From the outside, the University South home of Brigitte and Jean-Louis Gassée appears every inch the Victorian beauty, complete with white porch railing, dark-grey clapboard siding and 1896 plaque.
But after purchasing the house in 2005 and living there about a year, the Gassées knew exactly how they wanted to bring this home into the 21st century, while retaining the charm that originally drew them.
“We thought the rooms were too narrow. It was not well designed,” says Brigitte, adding “we’ve always liked older on the outside but more modern inside.”
With the help of French designer Olivier Thual, who had worked with them on their Paris home, they opened up the main floor, bringing the kitchen to the front and creating a large social space where the whole family can interact.
“I like to cook, my husband is on the computer and we’re all together,” Brigitte says.
But, besides reorganizing the spaces, the Gassées wanted more “style.”
Some of that style can be seen in the furnishings, including a Charles Rennie Mackintosh-designed round table in the dining alcove, with matching benches and chairs.
Top-hinged kitchen cabinets, which contractor Dumitru Mariuc says open up like a Ferrari, are by Pedini, an Italian company. The counters are mostly a sleek — yet very low maintenance — Israeli CaesarStone, which is made of quartz. Other counters and cabinet fronts are “painted” glass, with the color behind the glass.
Little touches include a tall pull-out pantry next to the three-door LG refrigerator and a hidden Miele dishwasher among the lower, espresso-stained, white-oak cabinets.
Wide-plank white-oak flooring extends throughout the house, with tile tucked in where a floor typically gets wet in the kitchen.
The staircase leading up was completely reconstructed, and paneling made of 3/4-inch mdf (medium fiber density) boards added, which were custom-routed on the job. The line visually continues on the other side of the stairs.
“We removed 90 percent of the old plaster in the house,” Mariuc says, and replaced 75 percent of the windows — but echoed the style of the originals when replacing them.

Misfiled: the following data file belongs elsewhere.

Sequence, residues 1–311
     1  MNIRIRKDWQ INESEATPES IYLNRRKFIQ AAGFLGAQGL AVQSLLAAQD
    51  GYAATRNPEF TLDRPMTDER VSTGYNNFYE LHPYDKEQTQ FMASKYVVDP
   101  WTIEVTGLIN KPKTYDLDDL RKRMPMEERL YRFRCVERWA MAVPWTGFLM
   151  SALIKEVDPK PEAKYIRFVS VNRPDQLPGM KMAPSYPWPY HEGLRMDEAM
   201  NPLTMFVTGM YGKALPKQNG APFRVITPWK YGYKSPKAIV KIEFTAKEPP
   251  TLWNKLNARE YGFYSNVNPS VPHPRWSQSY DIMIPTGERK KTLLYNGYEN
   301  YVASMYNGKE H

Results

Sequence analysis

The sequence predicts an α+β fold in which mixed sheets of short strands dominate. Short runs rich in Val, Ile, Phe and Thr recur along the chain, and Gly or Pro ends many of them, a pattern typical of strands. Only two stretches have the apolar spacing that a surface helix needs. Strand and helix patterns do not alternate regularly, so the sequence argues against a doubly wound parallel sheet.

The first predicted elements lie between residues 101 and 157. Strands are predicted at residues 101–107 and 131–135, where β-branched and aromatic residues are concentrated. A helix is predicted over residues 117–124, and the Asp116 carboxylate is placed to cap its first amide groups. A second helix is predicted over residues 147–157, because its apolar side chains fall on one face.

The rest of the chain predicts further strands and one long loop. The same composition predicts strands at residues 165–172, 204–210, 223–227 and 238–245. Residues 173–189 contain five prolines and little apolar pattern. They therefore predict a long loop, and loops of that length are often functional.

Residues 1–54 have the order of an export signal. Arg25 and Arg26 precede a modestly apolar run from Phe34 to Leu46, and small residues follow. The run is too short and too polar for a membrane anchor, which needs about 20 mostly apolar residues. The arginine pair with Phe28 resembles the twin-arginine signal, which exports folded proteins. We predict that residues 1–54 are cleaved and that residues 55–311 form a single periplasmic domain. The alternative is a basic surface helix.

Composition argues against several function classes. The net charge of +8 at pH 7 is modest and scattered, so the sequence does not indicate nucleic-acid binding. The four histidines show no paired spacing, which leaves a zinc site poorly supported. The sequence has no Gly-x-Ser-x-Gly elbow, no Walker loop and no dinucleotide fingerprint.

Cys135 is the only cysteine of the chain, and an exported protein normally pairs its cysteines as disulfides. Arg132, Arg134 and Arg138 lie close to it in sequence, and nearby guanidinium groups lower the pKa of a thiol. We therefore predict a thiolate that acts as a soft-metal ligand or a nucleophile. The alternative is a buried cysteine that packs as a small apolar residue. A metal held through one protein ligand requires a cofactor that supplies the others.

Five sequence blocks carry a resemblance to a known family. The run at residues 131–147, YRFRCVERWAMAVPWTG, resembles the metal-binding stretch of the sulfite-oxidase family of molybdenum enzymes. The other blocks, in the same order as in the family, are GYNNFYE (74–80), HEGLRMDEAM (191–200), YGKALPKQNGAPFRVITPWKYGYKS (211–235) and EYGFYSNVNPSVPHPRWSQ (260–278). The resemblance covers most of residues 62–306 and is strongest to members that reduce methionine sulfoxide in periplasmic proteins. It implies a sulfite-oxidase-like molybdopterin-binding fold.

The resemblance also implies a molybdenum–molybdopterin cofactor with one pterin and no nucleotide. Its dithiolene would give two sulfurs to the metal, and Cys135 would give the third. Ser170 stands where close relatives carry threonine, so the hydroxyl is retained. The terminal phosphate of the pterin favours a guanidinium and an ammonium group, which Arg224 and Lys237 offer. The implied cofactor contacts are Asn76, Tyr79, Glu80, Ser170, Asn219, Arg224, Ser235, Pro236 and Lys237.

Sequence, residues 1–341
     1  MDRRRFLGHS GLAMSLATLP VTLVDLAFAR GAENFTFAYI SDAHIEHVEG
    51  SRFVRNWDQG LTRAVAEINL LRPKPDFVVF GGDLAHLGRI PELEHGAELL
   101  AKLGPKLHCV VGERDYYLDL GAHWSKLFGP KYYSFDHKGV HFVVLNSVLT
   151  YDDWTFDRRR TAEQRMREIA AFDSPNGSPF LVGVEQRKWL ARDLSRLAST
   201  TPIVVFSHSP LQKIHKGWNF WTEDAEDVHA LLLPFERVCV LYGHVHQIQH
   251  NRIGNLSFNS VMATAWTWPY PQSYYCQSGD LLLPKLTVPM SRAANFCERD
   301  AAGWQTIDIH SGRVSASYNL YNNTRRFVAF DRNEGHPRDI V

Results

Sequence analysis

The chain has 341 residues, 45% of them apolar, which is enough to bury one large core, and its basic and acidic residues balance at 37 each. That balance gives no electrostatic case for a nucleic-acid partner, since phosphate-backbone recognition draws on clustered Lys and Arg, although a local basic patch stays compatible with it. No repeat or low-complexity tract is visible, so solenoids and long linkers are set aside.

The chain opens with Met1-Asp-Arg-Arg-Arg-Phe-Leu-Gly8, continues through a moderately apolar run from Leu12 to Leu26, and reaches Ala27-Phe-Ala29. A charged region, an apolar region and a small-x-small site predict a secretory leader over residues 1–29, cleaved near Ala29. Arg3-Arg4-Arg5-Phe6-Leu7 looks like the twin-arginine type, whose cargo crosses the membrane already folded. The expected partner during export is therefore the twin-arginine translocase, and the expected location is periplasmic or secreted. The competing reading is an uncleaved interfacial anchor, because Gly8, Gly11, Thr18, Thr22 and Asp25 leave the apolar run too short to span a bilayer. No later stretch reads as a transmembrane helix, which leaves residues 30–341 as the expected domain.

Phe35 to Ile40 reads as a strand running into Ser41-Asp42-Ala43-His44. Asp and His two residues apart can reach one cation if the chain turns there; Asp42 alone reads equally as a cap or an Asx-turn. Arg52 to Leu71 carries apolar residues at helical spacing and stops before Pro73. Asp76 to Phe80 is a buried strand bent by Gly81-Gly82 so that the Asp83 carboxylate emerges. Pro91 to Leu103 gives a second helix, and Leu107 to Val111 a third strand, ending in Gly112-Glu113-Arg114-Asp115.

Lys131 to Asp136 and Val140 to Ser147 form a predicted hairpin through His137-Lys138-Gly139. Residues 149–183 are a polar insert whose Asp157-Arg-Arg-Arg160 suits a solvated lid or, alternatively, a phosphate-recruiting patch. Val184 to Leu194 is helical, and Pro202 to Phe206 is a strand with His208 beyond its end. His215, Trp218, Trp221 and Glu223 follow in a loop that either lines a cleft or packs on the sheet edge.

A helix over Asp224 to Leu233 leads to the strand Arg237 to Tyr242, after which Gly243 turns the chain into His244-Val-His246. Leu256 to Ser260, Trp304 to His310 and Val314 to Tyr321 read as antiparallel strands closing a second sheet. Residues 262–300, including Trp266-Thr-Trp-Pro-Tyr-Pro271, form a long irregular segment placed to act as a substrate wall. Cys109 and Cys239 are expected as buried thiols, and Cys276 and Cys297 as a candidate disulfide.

Completing the first floor is an oak library, a coat closet and a powder room with the world’s smallest sink. A stained-glass window, which used to be in the kitchen, now fits well in the powder room.
Upstairs, the Gassées added two narrow closets to the guest bedroom, with a built-in headboard in between. The guest bathroom features Spanish porcelain that resembles concrete, as well as a countertop and backsplash of rift-cut white oak. A large, square white sink sits directly on the counter, and the medicine cabinet is discreetly hidden.
As an artist, Brigitte was very involved in choosing everything from the colors to the plumbing fixtures.
A second bedroom functions as her studio, with plenty of built-in cabinets to store art supplies.
Next comes the master bedroom suite, with a walk-through closet replacing a former office, and a master bath with two square glass sinks, Italian porcelain flooring, Ann Sacks-designed tile that resembles cloth in the backsplash and a Philippe Starck-designed tub.
For the master bedroom Thual designed a series of 32 panels, giving the walls depth. An extra window was added, matching the existing one.
Some of the changes are not noticeable to the eye, but make a difference to daily living. A sound-board layer was dropped in between the flooring and the subfloor, so people downstairs cannot hear footsteps above. The house is fully heated and air conditioned, with all new plumbing and electricity.
The basement is accessible both from a stairway in the foyer and a separate outside entrance. The space includes two bedrooms, a kitchen and media room, laundry room and a full bathroom, as well as the mechanical room with furnace, a/c and extra closet space to store paintings.
Although Mariuc is headquartered in New York, he was willing to work in California because he knew he could count on fellow Romanian craftsmen in the area.
Brigitte and her husband are already working with him and his crew on another home they’re remodeling in Palo Alto — their seventh to date. She especially enjoys the design process, searching the Internet and magazines for ideas, picking out fixtures, going to tile stores.
“I enjoyed it. That’s why I want to do another project,” she says.
Architect: Olivier Thual, Paris, France; firstname.lastname@example.org
Goal of project/design challenge: Modernize a Victorian home on the inside, while retaining its charm on the outside
Unexpected problems: Lost more than a month working with the city to approve changes when unexpected things cropped up
Year house built: 1896
Size of home: About 3,000 sq. ft. on 7,500-sq.-ft. lot
Time to complete: 10 months
Budget: About $700,000